I am trying to understand this:

$\displaystyle \sum_{n=1}^{\infty} e^{-n}$ using integrals, what I have though:

$= \displaystyle \lim_{m\to\infty} \sum_{n=1}^{m} e^{-n}$

$= \displaystyle \lim_{m\to\infty} \frac{1}{m}\sum_{n=1}^{m} me^{-n}$

So, suppose this is an right-hand Riemann sum, with $m$ Equal subintervals.

$f(x_i) = me^{-n}$ represents the height of the function, we will have the integral for.

$\Delta(x) = \frac{1}{m}$

But, How can this be represented as an integral?


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    $\begingroup$ This sum can be computed exactly with a geometric series, $$\sum_{n=1}^\infty \left(\frac{1}{e}\right)^n = \frac{1/e}{1-(1/e)} = \frac{1}{e-1}$$ $\endgroup$ – Joel Oct 30 '14 at 14:13
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    $\begingroup$ @Joel: OP probably knows this. He is trying to use a different method to arrive at the same result. This is an exercise in Riemann sums. $\endgroup$ – MPW Oct 30 '14 at 14:26
  • $\begingroup$ @MPW, thanks, exactly, I am trying to explore this integral method. $\endgroup$ – Amad27 Oct 30 '14 at 14:29
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    $\begingroup$ It's not meant to be an answer. That's why it's a comment. $\endgroup$ – Joel Oct 30 '14 at 14:46

Maybe it's not what you want, but it uses integral method...

We compute the integral $$\int_0^{e^{-1}}1 dx$$ using the partition $\{e^{-n}, n\geq 1\}$, since the integrand is constant we have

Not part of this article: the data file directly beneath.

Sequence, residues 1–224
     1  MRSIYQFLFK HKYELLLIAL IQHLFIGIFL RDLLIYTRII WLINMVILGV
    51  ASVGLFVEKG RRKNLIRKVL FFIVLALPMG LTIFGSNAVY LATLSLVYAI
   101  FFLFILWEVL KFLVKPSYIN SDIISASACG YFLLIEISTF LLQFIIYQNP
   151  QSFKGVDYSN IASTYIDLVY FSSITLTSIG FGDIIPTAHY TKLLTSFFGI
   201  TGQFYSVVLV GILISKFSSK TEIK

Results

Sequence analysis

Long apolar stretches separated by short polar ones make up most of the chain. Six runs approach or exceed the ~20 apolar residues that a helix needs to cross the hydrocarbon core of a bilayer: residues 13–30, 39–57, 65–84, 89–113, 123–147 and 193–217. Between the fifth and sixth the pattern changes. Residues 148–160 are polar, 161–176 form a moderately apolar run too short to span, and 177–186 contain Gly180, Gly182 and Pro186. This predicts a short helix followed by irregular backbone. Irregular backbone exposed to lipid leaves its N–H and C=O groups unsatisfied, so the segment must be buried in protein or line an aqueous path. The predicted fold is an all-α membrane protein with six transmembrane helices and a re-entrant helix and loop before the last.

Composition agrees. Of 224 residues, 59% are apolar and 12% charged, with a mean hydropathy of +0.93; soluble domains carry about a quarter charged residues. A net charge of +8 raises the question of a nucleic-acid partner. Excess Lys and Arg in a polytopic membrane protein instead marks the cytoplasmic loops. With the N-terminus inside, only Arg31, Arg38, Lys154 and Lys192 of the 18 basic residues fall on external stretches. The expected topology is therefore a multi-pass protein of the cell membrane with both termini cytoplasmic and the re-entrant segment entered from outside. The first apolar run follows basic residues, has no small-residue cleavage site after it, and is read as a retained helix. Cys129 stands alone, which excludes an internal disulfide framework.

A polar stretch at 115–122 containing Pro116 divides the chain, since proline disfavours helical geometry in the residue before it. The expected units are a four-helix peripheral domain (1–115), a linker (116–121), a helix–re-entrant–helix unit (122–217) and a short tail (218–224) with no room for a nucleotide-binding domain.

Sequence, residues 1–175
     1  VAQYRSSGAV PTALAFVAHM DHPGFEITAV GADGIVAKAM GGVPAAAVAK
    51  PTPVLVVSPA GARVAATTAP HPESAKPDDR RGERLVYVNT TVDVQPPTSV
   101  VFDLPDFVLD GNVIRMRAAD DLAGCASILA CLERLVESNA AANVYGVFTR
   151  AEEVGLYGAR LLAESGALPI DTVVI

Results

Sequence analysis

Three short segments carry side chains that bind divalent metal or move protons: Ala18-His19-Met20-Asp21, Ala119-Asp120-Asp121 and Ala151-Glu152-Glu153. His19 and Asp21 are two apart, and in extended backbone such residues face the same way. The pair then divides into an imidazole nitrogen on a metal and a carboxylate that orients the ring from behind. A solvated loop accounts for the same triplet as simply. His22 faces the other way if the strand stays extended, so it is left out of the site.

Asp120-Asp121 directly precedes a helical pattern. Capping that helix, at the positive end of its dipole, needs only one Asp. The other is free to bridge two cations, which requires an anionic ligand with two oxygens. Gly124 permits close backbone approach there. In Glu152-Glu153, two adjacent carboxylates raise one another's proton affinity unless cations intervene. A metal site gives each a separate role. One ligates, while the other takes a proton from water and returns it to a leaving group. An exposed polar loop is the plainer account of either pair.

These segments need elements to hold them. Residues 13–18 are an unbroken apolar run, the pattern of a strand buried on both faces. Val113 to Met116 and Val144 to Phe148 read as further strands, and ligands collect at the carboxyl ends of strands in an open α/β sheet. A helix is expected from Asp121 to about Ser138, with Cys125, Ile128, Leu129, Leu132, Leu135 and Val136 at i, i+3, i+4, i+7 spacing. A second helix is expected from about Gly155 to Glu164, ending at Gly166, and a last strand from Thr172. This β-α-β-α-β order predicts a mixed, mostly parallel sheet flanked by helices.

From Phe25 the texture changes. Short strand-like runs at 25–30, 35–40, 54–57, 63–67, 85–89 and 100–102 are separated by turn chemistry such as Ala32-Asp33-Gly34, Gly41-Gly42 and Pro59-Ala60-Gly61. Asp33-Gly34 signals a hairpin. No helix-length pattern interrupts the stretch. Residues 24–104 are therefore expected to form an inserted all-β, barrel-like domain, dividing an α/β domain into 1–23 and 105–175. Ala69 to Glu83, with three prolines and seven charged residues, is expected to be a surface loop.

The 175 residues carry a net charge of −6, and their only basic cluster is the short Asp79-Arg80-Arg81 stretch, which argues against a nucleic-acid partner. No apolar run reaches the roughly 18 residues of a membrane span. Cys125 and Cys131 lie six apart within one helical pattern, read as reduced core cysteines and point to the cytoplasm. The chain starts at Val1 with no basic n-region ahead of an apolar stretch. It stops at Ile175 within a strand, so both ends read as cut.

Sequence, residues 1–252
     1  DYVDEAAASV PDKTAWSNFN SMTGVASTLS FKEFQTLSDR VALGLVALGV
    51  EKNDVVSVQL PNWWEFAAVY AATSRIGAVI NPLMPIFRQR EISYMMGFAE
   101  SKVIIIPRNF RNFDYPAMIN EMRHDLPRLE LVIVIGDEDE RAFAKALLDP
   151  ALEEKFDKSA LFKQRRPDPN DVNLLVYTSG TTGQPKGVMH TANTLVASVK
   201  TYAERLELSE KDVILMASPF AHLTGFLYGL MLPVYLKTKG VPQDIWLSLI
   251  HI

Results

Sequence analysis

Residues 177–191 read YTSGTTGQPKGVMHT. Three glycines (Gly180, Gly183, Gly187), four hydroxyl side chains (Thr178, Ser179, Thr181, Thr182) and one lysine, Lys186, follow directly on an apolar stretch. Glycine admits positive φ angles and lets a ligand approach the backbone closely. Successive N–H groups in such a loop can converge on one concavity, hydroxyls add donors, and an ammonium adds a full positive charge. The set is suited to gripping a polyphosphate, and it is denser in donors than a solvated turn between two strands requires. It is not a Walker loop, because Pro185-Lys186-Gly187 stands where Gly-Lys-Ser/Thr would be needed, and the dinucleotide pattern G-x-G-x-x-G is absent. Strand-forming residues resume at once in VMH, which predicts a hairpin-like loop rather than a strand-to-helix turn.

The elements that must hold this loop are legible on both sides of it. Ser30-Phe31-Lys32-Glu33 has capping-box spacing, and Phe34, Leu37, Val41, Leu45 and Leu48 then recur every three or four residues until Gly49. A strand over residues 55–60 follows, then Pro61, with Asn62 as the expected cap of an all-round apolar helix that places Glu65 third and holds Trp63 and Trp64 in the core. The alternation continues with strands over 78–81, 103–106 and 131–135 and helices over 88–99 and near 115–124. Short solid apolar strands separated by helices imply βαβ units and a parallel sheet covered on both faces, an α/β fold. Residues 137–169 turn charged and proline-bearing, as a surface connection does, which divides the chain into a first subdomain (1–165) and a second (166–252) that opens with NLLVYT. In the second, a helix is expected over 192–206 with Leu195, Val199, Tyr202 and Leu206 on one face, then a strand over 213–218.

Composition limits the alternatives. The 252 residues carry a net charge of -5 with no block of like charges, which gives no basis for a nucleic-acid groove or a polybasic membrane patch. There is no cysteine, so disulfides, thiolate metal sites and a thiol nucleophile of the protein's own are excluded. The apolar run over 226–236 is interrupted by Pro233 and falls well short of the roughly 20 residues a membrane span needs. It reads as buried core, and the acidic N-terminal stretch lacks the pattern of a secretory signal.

$$\int_0^{e^{-1}}1 dx = \sum_{n=1}^{+\infty}\left(e^{-n} - e^{-(n+1)}\right)$$

i.e. $$e^{-1} = \sum_{n=1}^{+\infty}\left(e^{-n} - e^{-(n+1)}\right) = (1-e^{-1})\sum_{n=1}^{+\infty}e^{-n}$$

so $$\sum_{n=1}^{+\infty}e^{-n} = \dfrac{e^{-1}}{1-e^{-1}} = \frac{1}{e-1}$$

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  • $\begingroup$ Comments are not for extended discussion; this conversation has been moved to chat. $\endgroup$ – user642796 Nov 1 '14 at 19:04

In the following I shall not convert the required sum into a Riemann sum, but use the primitive $x\mapsto -e^{-x}$ of $x\mapsto e^{-x}$ to sum the series without "algebraic tricks". From $$\int_n^{n+1}e^{-x}\>dx=-e^{-x}\biggr|_n^{n+1}=e^{-n}\left(1-{1\over e}\right)\qquad(n\geq1)$$ it follows that $$\int_1^\infty e^{-x}\>dx=\sum_{n=1}^\infty\int_n^{n+1}e^{-x}\>dx=\left(1-{1\over e}\right)\sum_{n=1}^\infty e^{-n}\ .$$ Solving for the sum in question we obtain $$\sum_{n=1}^\infty e^{-n}={e\over e-1}\int_1^\infty e^{-x}\>dx={e\over e-1}\cdot {1\over e}={1\over e-1}\ .$$

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  • $\begingroup$ thank you, but how did you get that integral? How do you get from Riemann Sum to integrals? Please take a look at: math.stackexchange.com/questions/998713/… Where I ask this deeply, perhaps you can help? Thanks! $\endgroup$ – Amad27 Oct 30 '14 at 19:20
  • $\begingroup$ I really like this approach. It's a nontrivial connection between the sum and integration. $\endgroup$ – Joel Nov 3 '14 at 16:21

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